'Black' activist resigns helm of US civil rights group

'Black' activist resigns helm of US civil rights group
Rachel Dolezal at the Inlander offices in Spokane, Washington.

LOS ANGELES - A US civil rights activist resigned Monday from a post at the country's leading African American advocacy group amid allegations she is white but has masqueraded for years as being black.

Rachel Dolezal's resignation from her job as president of the Spokane, Washington chapter of the National Association for the Advancement of Colored People came as her parents, who are white and says she is too, urged her to seek counseling.

The Washington state chapter of the NAACP posted Dolezal's resignation letter on its Facebook page.

In it, she writes that her commitment to the "racial and social justice movement" is undiminished but that "the dialogue has unexpectedly shifted internationally to my personal identity in the context of defining race and ethnicity." Dolezal, 37, built a career as an activist in the black community of Spokane.

She rose to become the president of the city's branch of the NAACP and served as an independent mediator for the city's police force.

Neither position required that she be black, but media reports said Dolezal identified herself in application forms and in various public appearances and writings as black.

Leaders from the city of Spokane said in a statement they were "disappointed" over the episode and "the alleged misrepresentation." Dolezal apparently resigned under pressure from the NAACP.

"I have always deferred to the state and national NAACP leadership and offer my sincere gratitude for their unwavering support of my leadership through this unexpected firestorm," Dolezal wrote.

Her parents insist their daughter, from whom they are estranged, is white.

Since the story went national, last week they have provided local media with a birth certificate and photographs of Dolezal as a blonde, fair-skinned child.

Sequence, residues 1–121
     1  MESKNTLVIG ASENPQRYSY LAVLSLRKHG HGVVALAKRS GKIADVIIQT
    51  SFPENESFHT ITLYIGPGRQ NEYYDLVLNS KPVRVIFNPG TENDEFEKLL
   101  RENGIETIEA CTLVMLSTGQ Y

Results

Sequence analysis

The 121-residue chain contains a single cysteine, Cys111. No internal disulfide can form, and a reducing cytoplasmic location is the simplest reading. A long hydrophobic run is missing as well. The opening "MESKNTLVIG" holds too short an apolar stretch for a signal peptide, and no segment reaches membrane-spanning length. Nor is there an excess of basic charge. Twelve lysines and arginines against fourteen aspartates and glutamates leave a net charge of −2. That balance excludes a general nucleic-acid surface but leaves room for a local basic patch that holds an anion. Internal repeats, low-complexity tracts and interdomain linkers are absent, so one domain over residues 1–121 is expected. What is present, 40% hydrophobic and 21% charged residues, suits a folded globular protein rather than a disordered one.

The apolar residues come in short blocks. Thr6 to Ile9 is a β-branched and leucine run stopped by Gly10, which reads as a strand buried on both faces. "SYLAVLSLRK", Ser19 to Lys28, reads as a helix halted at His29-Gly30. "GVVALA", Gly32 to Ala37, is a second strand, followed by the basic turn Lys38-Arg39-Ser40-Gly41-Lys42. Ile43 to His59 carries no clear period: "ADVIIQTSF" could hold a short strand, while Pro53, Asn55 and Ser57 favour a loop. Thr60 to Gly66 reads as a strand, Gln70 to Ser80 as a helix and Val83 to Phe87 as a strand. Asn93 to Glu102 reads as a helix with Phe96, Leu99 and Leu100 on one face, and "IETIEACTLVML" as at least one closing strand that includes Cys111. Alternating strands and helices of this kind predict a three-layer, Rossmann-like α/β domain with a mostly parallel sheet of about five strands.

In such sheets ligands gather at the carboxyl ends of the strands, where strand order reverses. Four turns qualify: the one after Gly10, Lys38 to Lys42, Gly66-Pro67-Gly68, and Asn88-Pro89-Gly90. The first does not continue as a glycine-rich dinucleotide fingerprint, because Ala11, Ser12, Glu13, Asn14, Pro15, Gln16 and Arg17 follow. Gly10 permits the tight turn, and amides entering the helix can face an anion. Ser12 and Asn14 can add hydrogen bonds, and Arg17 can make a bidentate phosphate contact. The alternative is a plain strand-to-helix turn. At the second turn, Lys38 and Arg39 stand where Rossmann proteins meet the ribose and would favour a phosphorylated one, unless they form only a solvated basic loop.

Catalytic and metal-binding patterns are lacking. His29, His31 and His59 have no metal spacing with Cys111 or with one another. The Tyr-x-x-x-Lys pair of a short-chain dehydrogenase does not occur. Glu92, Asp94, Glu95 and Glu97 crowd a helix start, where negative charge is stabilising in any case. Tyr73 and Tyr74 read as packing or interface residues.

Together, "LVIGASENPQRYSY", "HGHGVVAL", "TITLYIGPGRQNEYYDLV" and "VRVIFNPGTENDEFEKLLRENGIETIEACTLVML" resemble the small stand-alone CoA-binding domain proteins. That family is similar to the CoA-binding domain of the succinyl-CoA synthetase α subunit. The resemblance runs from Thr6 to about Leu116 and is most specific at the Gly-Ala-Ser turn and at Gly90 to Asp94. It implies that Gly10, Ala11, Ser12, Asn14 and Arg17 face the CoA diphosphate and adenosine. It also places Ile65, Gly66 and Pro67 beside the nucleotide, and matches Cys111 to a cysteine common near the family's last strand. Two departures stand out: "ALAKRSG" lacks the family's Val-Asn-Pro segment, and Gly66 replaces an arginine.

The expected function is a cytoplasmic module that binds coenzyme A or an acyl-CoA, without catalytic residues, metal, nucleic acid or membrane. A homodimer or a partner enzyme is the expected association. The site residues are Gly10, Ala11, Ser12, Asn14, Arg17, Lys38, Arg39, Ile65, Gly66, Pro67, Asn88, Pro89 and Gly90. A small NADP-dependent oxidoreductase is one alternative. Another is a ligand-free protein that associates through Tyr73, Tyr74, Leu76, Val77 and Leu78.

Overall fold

Now, as an adult, she is tawny-skinned and dark-haired.

Several US media outlets reported Dolezal sued historically black Howard University in 2002 for racial discrimination because she was white.

The suit was apparently dismissed and Dolezal holds a master's degree from the school in the US capital of Washington.

Baffled by daughter's actions

Speaking on ABC News, prior to the resignation, parents Lawrence and Ruthanne Dolezal said they were baffled by what their daughter has done.

They said they have known for years about their daughter's deception, but kept it quiet until reporters recently began asking them questions.

"Rachel is trying to reject her own reality, her own identity and by doing that she does not alter reality," her mother said.

Dolezal said that if she had the chance to speak to her daughter now, she would urge her to get help.

"I would say, 'Rachel we love you. We hope you'll get the help you need to deal with your own personal issues so that you can know and believe and speak the truth,'" Dolezal said.

Rachel Dolezal has dodged questions seeking clarification about her race and ethnicity, and she does not address her race in the resignation letter.

"I feel like I owe my executive committee a conversation," Dolezal told The Spokesman-Review newspaper last week.

"That question is not as easy as it seems," she said after being contacted at Eastern Washington University, where she is a part-time lecturer in the Africana Studies Program.

"There's a lot of complexities... and I don't know that everyone would understand that." And she broke off an interview with a local TV reporter when he asked her point blank: "Are you African American?" Her parents, who adopted four black children, said their daughter had always been interested in issues of ethnicity and diversity.

But around 2007, they learned from a newspaper article that she was claiming to be African American.

At that point, she had already severed contact with her parents.

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